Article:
Google’s guidelines for URLs

What is Information Architecture?

That article focuses specifically on IA considerations for SEO, for a broader overview of IA more generally, this is a great resource

The specific thing I want to clarify is the differences between decisions about the path in your URLs and decisions about your IA as this is where I often see a ton of confusion.

Decisions about URL structures and decisions about the IA of your website both involve questions about grouping and hierarchies of pages. For example:

URL: should the path of an individual product be:

/product-slug
/products/slug
/products/category/slug
/products/category/sub-category/slug

IA: how should we group our product pages and link between them:

Should there be a link “up” to the parent category?
How many “levels” of sub-category page types should there be?
How do we link between sibling products in the same (sub-)category?
How many products can we reach in (e.g.) 3 clicks from the homepage?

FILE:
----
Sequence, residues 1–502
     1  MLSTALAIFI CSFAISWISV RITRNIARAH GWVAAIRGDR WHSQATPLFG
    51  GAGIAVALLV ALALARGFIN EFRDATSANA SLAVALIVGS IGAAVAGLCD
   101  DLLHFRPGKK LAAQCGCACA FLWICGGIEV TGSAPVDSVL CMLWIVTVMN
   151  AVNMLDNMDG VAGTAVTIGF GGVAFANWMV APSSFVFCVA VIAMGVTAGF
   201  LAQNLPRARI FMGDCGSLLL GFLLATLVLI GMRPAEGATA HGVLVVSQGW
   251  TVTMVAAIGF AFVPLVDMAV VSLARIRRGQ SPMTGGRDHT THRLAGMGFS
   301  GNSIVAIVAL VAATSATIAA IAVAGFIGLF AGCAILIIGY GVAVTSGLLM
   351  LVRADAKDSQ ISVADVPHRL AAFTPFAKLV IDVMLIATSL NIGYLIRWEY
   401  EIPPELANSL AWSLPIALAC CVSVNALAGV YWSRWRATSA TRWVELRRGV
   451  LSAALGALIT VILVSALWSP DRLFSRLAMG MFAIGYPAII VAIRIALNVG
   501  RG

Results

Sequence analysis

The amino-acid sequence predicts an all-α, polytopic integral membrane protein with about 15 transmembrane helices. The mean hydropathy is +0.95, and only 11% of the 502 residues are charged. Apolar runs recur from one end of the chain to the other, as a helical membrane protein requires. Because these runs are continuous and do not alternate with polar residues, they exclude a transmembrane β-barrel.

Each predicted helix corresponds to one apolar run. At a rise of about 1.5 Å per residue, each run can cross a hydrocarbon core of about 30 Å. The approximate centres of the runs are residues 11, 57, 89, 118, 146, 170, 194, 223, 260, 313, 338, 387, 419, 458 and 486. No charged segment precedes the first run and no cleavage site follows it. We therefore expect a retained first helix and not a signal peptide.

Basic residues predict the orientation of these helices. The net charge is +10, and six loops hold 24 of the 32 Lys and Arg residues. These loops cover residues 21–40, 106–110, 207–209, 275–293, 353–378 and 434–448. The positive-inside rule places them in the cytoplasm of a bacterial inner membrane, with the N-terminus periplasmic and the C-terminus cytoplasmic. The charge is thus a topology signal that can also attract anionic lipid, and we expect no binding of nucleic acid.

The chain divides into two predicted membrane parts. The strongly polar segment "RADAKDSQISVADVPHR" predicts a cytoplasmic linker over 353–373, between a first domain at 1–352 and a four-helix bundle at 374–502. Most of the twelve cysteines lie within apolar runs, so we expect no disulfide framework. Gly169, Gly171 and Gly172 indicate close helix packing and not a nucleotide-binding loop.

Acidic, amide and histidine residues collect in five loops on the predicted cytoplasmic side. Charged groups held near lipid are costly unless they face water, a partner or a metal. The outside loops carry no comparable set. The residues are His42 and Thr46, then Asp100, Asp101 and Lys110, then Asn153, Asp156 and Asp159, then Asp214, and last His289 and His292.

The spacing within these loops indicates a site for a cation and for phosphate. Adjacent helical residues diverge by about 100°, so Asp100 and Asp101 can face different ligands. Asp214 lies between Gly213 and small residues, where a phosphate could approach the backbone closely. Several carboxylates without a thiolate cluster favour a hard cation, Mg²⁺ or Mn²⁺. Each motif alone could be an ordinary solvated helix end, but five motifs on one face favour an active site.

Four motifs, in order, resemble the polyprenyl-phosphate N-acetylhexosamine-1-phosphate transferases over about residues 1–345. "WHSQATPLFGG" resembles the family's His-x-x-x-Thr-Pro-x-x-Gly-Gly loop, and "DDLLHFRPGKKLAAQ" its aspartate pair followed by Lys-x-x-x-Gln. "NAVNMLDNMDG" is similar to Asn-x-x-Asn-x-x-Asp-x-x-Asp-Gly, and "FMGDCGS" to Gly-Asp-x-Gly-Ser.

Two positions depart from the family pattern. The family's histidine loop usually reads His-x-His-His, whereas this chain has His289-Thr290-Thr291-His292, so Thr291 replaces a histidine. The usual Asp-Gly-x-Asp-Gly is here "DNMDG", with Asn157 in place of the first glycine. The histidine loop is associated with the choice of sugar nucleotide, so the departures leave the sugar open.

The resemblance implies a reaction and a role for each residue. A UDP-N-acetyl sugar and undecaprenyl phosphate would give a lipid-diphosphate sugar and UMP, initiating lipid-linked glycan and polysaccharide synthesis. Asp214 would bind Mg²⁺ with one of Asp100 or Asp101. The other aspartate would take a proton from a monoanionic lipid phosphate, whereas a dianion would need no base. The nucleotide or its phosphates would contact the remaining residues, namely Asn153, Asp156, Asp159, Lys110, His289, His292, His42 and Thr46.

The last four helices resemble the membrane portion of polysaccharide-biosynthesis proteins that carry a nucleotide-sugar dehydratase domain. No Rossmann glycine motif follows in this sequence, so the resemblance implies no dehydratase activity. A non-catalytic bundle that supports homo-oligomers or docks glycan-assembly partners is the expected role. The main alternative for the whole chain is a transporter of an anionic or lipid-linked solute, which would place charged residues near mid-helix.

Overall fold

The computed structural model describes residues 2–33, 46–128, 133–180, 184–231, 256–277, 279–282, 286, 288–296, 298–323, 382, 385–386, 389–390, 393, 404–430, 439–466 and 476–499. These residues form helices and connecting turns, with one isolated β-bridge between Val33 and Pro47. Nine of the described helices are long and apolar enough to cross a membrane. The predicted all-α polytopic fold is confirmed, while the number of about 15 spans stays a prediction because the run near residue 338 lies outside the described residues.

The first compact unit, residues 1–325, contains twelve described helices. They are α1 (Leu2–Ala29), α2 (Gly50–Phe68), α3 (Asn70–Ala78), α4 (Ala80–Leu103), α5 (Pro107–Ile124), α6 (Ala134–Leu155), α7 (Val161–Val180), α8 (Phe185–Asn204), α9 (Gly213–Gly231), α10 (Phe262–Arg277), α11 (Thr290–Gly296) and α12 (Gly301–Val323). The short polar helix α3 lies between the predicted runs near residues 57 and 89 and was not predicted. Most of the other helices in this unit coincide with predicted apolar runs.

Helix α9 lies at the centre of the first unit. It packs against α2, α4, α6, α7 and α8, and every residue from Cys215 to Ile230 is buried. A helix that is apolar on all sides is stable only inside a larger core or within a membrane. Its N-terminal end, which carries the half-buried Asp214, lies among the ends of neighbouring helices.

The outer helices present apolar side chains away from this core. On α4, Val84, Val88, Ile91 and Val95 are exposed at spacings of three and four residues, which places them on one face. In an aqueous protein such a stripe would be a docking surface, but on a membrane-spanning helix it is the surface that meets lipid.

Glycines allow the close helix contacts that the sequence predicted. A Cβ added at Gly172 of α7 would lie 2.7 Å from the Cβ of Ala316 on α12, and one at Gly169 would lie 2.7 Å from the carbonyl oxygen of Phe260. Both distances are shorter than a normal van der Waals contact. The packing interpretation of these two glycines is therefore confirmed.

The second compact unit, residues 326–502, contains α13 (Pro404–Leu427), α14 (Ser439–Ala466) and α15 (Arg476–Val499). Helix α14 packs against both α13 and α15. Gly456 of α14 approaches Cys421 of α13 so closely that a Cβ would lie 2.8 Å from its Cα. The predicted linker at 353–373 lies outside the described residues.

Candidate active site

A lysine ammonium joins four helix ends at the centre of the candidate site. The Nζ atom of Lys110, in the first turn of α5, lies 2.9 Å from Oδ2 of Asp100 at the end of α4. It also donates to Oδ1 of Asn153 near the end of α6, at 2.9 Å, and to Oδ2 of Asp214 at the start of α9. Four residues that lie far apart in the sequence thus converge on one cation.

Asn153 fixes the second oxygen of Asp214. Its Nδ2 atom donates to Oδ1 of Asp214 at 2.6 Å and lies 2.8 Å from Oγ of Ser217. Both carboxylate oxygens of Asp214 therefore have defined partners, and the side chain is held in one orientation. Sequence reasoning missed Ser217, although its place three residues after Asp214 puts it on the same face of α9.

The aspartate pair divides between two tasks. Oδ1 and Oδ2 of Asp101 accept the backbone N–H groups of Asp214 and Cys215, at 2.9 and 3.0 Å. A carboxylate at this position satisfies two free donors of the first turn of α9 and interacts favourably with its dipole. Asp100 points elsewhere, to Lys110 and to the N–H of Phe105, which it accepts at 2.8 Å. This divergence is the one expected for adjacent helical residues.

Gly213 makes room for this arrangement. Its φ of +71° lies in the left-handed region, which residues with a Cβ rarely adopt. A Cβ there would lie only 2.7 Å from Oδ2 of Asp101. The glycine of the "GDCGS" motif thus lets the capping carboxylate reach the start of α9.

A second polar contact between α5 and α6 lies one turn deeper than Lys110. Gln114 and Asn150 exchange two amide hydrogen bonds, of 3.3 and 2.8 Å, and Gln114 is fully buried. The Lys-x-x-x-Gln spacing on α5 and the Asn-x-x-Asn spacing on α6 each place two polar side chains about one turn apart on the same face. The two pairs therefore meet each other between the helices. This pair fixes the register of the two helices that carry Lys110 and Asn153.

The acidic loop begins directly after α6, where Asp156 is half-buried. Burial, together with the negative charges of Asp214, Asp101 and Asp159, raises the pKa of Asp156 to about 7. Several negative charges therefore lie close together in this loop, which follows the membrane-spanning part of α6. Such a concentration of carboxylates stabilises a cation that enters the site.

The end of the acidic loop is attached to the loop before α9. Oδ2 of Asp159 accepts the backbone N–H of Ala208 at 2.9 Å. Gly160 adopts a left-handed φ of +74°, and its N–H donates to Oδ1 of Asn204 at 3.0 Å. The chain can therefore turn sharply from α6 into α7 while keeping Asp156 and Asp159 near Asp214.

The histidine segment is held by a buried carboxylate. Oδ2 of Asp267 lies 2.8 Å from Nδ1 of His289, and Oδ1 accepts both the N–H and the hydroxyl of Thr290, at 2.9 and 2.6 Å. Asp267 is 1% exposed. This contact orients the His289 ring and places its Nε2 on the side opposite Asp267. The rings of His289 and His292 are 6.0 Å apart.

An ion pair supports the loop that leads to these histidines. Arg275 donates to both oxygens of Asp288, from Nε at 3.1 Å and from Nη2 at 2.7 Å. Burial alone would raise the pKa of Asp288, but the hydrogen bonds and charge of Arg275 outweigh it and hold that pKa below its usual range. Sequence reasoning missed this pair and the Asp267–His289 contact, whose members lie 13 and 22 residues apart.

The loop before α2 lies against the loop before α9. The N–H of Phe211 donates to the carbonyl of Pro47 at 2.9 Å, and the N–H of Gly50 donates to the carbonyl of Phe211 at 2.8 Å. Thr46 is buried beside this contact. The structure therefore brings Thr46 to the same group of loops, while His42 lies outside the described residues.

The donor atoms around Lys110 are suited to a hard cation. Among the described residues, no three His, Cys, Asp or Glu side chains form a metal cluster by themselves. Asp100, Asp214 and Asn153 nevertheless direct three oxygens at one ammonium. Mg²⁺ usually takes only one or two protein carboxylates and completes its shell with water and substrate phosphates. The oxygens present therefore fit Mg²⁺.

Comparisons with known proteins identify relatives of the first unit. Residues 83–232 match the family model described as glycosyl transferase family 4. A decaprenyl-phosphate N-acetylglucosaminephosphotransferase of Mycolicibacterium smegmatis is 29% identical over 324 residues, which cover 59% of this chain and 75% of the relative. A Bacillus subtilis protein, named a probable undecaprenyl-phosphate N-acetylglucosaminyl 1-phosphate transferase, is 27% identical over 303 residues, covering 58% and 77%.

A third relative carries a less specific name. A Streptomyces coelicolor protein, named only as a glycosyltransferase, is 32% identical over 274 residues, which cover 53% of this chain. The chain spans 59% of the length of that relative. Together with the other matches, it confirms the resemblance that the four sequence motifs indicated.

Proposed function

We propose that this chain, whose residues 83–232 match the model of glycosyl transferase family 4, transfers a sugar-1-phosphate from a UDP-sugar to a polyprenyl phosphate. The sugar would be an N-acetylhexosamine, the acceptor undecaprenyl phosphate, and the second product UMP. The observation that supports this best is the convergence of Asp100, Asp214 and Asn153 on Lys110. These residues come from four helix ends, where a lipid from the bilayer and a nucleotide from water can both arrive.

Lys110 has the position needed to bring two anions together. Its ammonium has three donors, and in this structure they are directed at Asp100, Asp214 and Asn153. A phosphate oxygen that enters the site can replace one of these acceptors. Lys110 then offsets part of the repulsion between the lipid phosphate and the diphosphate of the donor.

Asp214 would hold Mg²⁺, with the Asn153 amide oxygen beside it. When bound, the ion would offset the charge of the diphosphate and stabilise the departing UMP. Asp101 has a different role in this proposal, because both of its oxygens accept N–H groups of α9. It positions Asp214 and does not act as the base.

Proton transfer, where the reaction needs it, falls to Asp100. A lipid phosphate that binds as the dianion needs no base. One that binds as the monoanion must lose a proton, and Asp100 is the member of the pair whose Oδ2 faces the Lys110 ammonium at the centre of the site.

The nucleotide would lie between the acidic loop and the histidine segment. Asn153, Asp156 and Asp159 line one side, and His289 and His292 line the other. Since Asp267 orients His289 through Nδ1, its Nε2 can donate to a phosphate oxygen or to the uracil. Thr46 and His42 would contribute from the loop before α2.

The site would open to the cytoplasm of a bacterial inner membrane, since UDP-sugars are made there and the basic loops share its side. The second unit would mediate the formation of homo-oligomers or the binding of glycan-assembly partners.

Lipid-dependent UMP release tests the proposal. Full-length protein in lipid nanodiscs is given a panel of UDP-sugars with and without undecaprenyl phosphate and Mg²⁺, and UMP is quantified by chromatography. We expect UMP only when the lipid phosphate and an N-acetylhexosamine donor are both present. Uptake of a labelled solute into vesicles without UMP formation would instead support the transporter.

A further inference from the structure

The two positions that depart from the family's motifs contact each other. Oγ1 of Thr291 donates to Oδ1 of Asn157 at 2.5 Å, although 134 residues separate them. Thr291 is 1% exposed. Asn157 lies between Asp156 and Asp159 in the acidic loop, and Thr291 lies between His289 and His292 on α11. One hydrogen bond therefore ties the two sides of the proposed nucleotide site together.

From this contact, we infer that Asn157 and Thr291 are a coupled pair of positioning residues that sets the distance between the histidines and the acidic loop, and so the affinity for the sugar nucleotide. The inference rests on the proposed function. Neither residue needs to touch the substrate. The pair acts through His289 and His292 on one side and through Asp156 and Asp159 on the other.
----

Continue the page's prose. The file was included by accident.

How should we handle facets?

The fact that both concern groupings and hierarchies has led too often to people misinterpreting IA questions as URL questions.

From an SEO perspective, most of the grouping and hierarchy questions we care about are questions about which pages should exist (e.g. should there be an indexable page for “red men’s shoes above a size 11”) and how should our pages be linked together (both from a crawling perspective – thinking about considerations like click depth, and from a ranking perspective – thinking about considerations like internal link equity).

Unfortunately, I’ve too often seen these IA questions expressed as URL considerations, and this can lead to advice that is less effective than it should be. For many of these IA questions, you can come down on either side of the IA decision with either URL structure:

You can choose to have a (sub-)category page type without necessarily having the (sub-)category appear in the URL as a keyword or as a folder (and indeed, there are times that this is a good idea if products can be in multiple categories or if they often move category)
You can choose to link “up” the hierarchy or “across” to sibling products with or without those link targets sharing elements of their paths (e.g. a product page at /product-slug can link to a parent page at /category even if it doesn’t have a URL of /category/product-slug)